By Byron Gordon | October 31, 2011
OK, I know how trite the subject line might be but come on! Weren’t you just flabbergasted at the news of Kardashian’s filing for irreconcilable differences? This woman, an ode to pure vanity itself, lasted no more than 72 days in her fidelity to Kris Humphries. And there goes the sanctity of marriage, down the proverbial sh-t hole!
So what am I so worked up about this? Why do I care? Why should you care? And why did you so eagerly feast your eyes on the news of this marital denouement? The answer is, you shouldn’t care. None of you reading this know Kim Kardashian and if you even spent a shred of your life paying attention to her TV show, or her tweets, her life has absolutely zero connection to your own.
But the predominance of infotainment as part of today’s news cycle has accelerated to such a degree, that it’s almost next to impossible not to come across news stories about celebrities you typically could care less about. Whether you get your news from Yahoo, or a news website like Huffington Post, what happens to Kim Kardashian is news! Go visit news.google.com and see for yourself the more than two thousand news articles on her alone!
And the fact is, when I used to read the news, back in the 1980’s and 90’s, when newspapers were still a significant recourse for news, I never imagined that infotainment would continue to grow at such monumental proportions. I remember having this same discussion about TV news back in the 80’s as more airtime was being devoted to news that had an “entertainment” dimension to it. And let’s face it, if any TV news program is not sufficiently “entertaining,” it won’t be watched! Hence the proliferation of “talk news” TV and radio programs featuring the likes of Rush Limbaugh, Rachel Maddow, Bill O’Reilly, (to name but a few) all looking to capture the particular audience that reflects their viewpoints.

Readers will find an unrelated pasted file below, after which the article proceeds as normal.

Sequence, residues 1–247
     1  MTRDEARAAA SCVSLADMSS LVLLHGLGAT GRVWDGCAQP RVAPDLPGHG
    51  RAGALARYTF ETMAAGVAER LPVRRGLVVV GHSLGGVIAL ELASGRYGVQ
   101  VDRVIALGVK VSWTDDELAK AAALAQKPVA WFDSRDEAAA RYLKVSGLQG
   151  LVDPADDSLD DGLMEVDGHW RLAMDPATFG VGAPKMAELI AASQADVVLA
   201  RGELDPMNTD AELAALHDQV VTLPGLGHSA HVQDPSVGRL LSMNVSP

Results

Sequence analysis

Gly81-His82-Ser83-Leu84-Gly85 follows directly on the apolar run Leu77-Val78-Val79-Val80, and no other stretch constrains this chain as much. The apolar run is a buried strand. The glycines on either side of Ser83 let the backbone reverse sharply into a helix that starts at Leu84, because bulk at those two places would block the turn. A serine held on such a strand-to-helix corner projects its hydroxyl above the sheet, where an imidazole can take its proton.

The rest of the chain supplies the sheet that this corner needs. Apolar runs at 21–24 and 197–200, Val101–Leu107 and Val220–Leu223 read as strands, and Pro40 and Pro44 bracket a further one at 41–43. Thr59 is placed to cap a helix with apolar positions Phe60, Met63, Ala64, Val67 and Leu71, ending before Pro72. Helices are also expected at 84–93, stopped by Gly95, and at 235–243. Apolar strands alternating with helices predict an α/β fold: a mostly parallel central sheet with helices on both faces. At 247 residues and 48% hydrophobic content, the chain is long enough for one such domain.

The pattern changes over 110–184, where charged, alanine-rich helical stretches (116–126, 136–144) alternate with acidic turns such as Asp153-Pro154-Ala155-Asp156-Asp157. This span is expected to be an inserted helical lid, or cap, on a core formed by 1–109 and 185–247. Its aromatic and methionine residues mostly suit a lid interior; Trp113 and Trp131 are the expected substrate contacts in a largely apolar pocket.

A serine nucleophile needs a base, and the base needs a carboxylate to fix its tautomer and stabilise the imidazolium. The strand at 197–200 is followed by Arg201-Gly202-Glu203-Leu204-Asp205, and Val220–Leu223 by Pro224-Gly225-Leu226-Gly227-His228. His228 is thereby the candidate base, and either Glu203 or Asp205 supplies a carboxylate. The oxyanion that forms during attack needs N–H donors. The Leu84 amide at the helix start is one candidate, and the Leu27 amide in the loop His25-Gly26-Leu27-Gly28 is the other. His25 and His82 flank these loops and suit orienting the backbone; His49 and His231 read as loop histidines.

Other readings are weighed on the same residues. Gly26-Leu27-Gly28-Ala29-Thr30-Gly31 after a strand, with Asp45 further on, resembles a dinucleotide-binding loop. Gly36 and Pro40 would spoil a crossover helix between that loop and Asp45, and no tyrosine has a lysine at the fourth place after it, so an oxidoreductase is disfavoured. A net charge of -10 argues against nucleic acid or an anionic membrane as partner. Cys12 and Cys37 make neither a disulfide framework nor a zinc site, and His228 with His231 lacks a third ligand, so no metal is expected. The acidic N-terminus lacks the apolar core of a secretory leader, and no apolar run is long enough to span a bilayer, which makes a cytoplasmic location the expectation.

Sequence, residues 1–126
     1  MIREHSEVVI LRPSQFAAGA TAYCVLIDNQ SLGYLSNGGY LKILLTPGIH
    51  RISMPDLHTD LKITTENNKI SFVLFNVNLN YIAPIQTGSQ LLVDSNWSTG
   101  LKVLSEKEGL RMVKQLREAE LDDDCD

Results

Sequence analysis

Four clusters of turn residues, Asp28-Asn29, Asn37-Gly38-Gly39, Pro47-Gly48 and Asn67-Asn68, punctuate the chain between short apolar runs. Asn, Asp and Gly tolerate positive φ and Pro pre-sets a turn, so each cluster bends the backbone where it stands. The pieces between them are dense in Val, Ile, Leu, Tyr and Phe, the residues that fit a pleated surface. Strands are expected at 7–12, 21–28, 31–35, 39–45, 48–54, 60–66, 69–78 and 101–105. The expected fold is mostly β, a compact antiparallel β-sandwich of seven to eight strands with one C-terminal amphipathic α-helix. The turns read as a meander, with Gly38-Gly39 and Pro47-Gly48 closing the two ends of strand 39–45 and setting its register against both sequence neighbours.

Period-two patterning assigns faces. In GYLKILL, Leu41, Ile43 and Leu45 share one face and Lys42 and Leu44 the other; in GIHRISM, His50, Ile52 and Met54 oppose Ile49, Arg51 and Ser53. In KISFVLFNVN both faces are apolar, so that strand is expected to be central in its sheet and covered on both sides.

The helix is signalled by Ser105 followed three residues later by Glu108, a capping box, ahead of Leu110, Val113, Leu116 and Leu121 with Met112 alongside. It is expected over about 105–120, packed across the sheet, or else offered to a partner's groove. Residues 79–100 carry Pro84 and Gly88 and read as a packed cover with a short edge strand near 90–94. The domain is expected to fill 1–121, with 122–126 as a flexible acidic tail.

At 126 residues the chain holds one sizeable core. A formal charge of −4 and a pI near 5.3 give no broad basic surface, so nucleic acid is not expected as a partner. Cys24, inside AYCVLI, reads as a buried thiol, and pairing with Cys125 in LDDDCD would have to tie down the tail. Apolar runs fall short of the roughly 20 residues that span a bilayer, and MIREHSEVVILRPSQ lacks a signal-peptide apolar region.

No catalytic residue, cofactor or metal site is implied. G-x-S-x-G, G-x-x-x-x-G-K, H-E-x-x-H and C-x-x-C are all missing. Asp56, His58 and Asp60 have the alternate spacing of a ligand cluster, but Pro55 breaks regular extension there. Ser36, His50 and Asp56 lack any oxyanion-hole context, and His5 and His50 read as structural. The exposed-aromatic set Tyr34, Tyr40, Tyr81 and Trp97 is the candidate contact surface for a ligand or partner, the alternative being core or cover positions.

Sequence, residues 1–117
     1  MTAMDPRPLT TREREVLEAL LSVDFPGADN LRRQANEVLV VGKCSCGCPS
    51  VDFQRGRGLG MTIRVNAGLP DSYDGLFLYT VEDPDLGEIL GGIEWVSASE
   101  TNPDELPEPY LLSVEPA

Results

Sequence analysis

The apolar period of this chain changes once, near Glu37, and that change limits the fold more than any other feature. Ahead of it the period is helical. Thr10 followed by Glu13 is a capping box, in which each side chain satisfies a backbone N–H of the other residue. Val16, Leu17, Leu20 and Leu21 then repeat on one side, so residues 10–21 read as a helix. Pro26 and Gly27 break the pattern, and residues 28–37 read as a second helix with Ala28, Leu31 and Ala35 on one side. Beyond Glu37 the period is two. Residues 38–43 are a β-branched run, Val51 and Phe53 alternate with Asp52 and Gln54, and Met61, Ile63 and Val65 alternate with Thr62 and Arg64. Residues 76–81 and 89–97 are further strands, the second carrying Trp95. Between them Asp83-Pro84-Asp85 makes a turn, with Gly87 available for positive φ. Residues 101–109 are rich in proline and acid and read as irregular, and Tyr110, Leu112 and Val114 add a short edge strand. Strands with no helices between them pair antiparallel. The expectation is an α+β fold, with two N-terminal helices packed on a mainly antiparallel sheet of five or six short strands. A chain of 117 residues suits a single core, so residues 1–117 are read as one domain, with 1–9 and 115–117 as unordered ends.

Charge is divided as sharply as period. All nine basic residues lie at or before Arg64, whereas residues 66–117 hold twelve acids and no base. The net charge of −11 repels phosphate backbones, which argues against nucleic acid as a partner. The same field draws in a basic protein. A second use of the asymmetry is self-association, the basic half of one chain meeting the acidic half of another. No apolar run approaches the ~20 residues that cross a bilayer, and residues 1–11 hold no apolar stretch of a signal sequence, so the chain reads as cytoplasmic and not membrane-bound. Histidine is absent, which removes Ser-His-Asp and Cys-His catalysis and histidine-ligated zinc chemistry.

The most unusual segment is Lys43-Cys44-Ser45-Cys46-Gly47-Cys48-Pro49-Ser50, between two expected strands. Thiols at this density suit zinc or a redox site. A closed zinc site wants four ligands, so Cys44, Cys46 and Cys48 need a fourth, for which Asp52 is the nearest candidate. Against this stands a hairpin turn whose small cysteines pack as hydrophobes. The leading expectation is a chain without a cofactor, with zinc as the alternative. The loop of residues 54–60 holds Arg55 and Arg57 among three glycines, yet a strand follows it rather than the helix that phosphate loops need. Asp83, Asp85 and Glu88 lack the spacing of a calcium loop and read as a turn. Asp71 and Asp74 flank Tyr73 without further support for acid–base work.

But I bring up the “news” of Kim Kardashian’s divorce because I find myself becoming embarrassingly curious about the ludicrous lives of these vapid characters. Each time I come across a story about a Hollywood celebrity that’s mentioned in a swath of news coverage, I find myself captivated by the content. It’s deeply troubling to me. Whereas I never cared for Jennifer Aniston, her life, her movies, I now find myself intrigued by the next story I come across on her wedding rumours.
I would like to hear from the rest of you. Has the Internet in anyway affected your curiosity about celebrity news? Do you find yourself paying attention to celebrities more so now than say, five or ten years ago?